δ15N values of 7.8 ±0.6‰, 7.1 ± 0.5‰, 7.0 ± 0.1‰, 8.6‰ and 7.0 ± 0.0‰ respectively (Table
5.1). All infauna, including mudflat and creek wall, had δ13C values >4‰ lower than Spartina
spp. δ13C values of P. litoralis, L. savignyi and N. palustris were intermediate δ13C values for
filamentous algae and epiphytic diatoms (Figure 5.1).
High-marsh Consumers. The amphipod, O. grillus and the isopod, P. vittata were collected
from under the S. patens canopy, but had relatively low δ13C values compared to either form of
S. alterniflora and S. patens at -17.8 ± 0.1‰ and -20.1 ± 0.8‰, relatively (Table 5.1).
Similarly, the coffee bean snail, M. bidentatus, was collected from under the canopy of the
shortform of S. alterniflora but had relatively depleted δ13C values compared to either form of S.
167
alterniflora and S. patens at -18.1 ±1.4‰. δ15N values for high marsh epifauna were very
similar ranging between 7.0‰ and 7.6‰.
Nekton. δ13C values for the killifish, F. heteroclitus, and the grass shrimp, P. pugio, were 19.7 ± 2.2‰ and -17.8 ± 0.7‰, respectively (Table 5.1). The low δ13C isotope values in nekton
relative to Spartina spp. indicating the importance of an algal basal resource. δ15N values for
killifish ranged from 9.1 to 10.6 ‰ while grass shrimp values ranged from 8.3 to 9.4‰
suggesting F. heteroclitus had a more carnivorous diet than grass shrimp.
IsoSource. IsoSource was used to determine the range of dietary contributions from all
potential food resources in the salt marsh and was used for all consumers regardless of habitat.
In many cases, IsoSource yielded large ranges with high maximum dietary contributions (Table
5.2). These results are considered uninformative as actual primary producer dietary
contributions may be substantially less than maximum contributions. For some consumers,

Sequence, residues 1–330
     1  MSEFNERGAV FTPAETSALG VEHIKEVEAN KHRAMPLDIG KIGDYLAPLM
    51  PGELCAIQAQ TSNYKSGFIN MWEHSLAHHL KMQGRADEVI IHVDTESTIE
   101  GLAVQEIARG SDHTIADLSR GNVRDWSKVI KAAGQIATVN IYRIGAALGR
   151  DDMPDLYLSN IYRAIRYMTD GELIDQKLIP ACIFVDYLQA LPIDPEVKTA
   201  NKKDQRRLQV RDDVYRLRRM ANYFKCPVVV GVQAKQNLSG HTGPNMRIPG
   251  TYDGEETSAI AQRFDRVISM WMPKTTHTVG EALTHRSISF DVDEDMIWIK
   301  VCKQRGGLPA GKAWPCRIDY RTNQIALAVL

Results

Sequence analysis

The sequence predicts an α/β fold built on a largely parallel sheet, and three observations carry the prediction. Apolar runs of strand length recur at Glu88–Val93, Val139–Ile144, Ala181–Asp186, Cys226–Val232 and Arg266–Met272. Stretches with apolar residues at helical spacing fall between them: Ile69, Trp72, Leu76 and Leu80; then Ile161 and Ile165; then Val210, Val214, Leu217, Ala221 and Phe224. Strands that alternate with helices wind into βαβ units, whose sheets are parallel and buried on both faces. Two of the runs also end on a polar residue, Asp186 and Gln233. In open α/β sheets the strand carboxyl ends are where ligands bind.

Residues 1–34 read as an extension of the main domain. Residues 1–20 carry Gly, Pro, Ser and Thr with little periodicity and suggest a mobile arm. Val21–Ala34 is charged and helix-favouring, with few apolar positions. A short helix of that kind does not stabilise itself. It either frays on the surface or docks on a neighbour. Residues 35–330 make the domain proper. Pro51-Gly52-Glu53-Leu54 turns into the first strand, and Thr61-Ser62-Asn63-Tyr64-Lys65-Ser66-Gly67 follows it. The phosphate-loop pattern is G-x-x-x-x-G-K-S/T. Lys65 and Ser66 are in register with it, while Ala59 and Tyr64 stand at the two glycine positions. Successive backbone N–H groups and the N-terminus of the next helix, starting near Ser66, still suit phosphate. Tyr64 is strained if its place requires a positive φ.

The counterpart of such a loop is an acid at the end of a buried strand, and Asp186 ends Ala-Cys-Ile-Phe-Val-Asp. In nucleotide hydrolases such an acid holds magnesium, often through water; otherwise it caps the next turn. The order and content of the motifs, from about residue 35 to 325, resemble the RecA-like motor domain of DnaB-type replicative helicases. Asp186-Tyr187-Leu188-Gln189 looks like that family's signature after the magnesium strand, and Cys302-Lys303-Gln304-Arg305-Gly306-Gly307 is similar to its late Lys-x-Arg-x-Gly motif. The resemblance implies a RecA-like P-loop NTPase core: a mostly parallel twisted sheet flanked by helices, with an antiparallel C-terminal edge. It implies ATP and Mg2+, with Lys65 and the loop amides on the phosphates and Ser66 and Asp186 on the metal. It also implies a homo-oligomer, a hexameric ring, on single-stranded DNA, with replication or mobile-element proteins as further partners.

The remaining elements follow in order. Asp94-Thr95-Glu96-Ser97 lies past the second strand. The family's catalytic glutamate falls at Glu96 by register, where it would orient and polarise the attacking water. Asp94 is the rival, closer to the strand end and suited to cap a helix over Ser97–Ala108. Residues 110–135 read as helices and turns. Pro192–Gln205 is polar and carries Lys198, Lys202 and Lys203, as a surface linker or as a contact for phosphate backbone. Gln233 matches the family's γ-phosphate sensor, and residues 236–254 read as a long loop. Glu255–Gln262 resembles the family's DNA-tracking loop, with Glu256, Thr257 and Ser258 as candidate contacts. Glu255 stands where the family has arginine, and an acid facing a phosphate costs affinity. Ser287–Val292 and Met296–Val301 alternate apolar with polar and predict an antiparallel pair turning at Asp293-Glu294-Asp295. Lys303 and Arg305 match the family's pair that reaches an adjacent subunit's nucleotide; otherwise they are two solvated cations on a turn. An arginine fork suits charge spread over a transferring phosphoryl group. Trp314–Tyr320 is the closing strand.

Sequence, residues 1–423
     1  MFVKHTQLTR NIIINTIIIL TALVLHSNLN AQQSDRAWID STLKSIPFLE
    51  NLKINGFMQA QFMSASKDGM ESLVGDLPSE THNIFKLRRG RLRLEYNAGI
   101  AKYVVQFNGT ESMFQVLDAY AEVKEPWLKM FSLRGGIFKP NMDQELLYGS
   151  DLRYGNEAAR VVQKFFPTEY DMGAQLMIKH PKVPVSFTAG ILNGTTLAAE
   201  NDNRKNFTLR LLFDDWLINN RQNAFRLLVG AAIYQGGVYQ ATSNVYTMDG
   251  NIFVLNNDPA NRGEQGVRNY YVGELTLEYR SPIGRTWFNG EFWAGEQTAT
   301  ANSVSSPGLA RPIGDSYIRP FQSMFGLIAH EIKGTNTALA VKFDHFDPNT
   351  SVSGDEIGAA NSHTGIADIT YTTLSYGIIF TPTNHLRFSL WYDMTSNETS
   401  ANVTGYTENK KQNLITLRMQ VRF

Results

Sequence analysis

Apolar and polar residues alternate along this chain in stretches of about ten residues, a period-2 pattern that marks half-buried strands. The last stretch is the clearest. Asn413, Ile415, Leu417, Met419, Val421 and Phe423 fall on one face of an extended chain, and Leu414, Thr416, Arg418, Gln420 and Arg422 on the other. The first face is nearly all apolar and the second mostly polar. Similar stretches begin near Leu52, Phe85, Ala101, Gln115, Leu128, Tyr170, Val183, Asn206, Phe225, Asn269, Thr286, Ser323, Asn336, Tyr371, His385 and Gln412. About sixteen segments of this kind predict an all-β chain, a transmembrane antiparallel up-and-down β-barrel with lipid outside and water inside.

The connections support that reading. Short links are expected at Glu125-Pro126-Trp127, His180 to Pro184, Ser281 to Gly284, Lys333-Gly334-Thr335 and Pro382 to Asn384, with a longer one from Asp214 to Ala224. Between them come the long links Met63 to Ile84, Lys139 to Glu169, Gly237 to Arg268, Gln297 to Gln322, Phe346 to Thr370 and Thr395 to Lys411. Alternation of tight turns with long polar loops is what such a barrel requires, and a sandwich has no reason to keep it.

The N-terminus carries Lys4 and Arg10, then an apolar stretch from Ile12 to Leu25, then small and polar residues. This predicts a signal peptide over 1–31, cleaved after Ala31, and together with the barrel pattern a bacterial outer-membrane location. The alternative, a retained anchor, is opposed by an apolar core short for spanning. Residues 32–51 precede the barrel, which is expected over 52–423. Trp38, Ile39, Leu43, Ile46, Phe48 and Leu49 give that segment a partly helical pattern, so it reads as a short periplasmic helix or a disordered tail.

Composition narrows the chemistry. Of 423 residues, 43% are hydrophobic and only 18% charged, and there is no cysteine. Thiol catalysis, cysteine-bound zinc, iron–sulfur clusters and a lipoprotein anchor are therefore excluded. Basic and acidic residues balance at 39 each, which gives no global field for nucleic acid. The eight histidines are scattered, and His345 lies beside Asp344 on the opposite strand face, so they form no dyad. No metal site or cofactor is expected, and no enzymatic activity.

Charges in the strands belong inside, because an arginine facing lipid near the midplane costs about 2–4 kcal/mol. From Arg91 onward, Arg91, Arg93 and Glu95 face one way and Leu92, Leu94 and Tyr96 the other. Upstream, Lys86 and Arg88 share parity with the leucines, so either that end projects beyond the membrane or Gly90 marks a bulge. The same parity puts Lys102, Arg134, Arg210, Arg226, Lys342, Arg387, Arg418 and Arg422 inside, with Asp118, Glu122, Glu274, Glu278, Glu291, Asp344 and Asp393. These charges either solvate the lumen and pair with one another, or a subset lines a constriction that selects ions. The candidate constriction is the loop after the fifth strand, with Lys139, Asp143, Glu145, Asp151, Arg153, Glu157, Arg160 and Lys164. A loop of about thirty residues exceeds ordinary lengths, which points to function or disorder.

IsoSource revealed basal resources that contributed less than 25% and were thus considered
unimportant to the diet while others contributed a minimum of 25% to the diet and were
considered important dietary resources. For primary producers with minimum dietary
contributions ≤ 25% but maximum dietary contributions > 25%, contributions to the food web
are considered unresolved.
In general, Spartina spp. was not important to the diets of saltmarsh consumers at the
start of the isotope addition (Table 5.2). Specifically, maximum S. alterniflora dietary
contribution for infauna was 18% while P. litoralis had the highest maximum S. patens/short S.
alterniflora dietary contributions at 31% in creek-wall habitat. The maximum S. patens/shortS.
alterniflora dietary contribution for all other infauna was 21%. Results from the IsoSource
168
Table 5.1. δ15N and δ13C natural abundance stable isotope values (baseline) and maximum δE
15
N (highest observed enrichment minus background natural abundance isotope values) in
organisms over the 42-day 15N-tracer addition. δE 13C is the enrichment of 13C addition minus
background natural abundance isotope values for primary producers and infauna after 14 days of
13
C-addition. Natural abundance values reported are means ± (1 sd). Pelagic and benthic
copepods were not replicated. The dash (-) indicates organisms that were not analyzed.
Abbreviations include mudflat (MF), creek wall (CW), S. patens understory (SP), stunted S.
alterniflora (SSA).
Common name
Primary producers
Smooth cordgrass
Phytoplankton
Filamentous algae
Epiphytic diatoms
Epipelic diatoms
Invertebrates
Pelagic copepods
Grass shrimp
Amphipod
Tanaid
Species
Tall Spartina
alterniflora
Stunted S. alterniflora
S. patens
Habitat
Rhizoclonium spp.
Oligochaete
Fish
Killifish
Maximum
δE 15N (‰)
δE 13C
(‰)
CW
CW
MF
6.3±0.6 (2)
2.3±0.9 (2)
2.1±0.8 (2)
12.0±1.0 (4)
6.0±0.2 (2)
6.1±0.0 (2)
5.7±1.0 (2)
-13.7±0.2 (2)
-13.2±0.1 (2)
-13.7±0.7 (2)
-21.0±0.0 (4)
-18.2±2.2 (2)
-20.9±1.9 (2)
-19.4±0.4 (2)
11.2
9.0
325.0
91.0
53.0
35.0
0
0
0
20.7
21.0
36.8
-18.8
-17.8±0.7 (2)
-17.8±0.1 (2)
-19.8±0.8 (2)
-21.4
-19.3
-20.3
-20.1±0.8 (2)
-22.5±0.4 (2)
-16.5±0.8 (3)
-18.1±1.4 (2)
12.0
12.0
13.5
38.0
5.0
22.0
54.0
2.1
10.3
6.5
10.2
34.0
Philoscia vittata
Guekensia demissa
Ilyanasa obsoleta
Melampus bidentata
SP
CW
MF
MF
CW
SP
CW
MF
SSA
9.2
9.0±0.6 (3)
7.0±1.0 (2)
7.0±0.1 (2)
12.1
8.2
8.6
7.6±0.3 (2)
7.3±0.0 (2)
9.1±0.5 (3)
7.1±1.2 (2)
35.0
14.0
-
Nereis diversicolor
MF
7.1±1.0 (2)
-21.2±0.5 (2)
12.0
16.6
Streblospio benedicti
MF
8.0±1.0 (2)
-20.6±0.4 (2)
16.0
7.0
Manayunkia aestuarina
Paranais litoralis
CW
MF
CW
7.8±0.6 (2)
7.9±1.1 (2)
7.1±0.5 (2)
-21.4±0.4 (2)
-19.8±0.8 (2)
-18.4±0.5 (2)
53.5
6.6
55.0
0.0
0.0
17.0
9.5±0.9 (6)
-19.7±2.2 (4)
9.6
-
Mixed species
Palaemonetes pugio
Orchestia grillus
Scottolana canadensis
Nannopus palustris
Benthic copepods
Isopod
Ribbed mussel
Mud snail
Coffee bean snail
Infauna
Nereid polychaete
Spionid
polychaete
Sabellid
polychaete
Baseline
δ N (‰)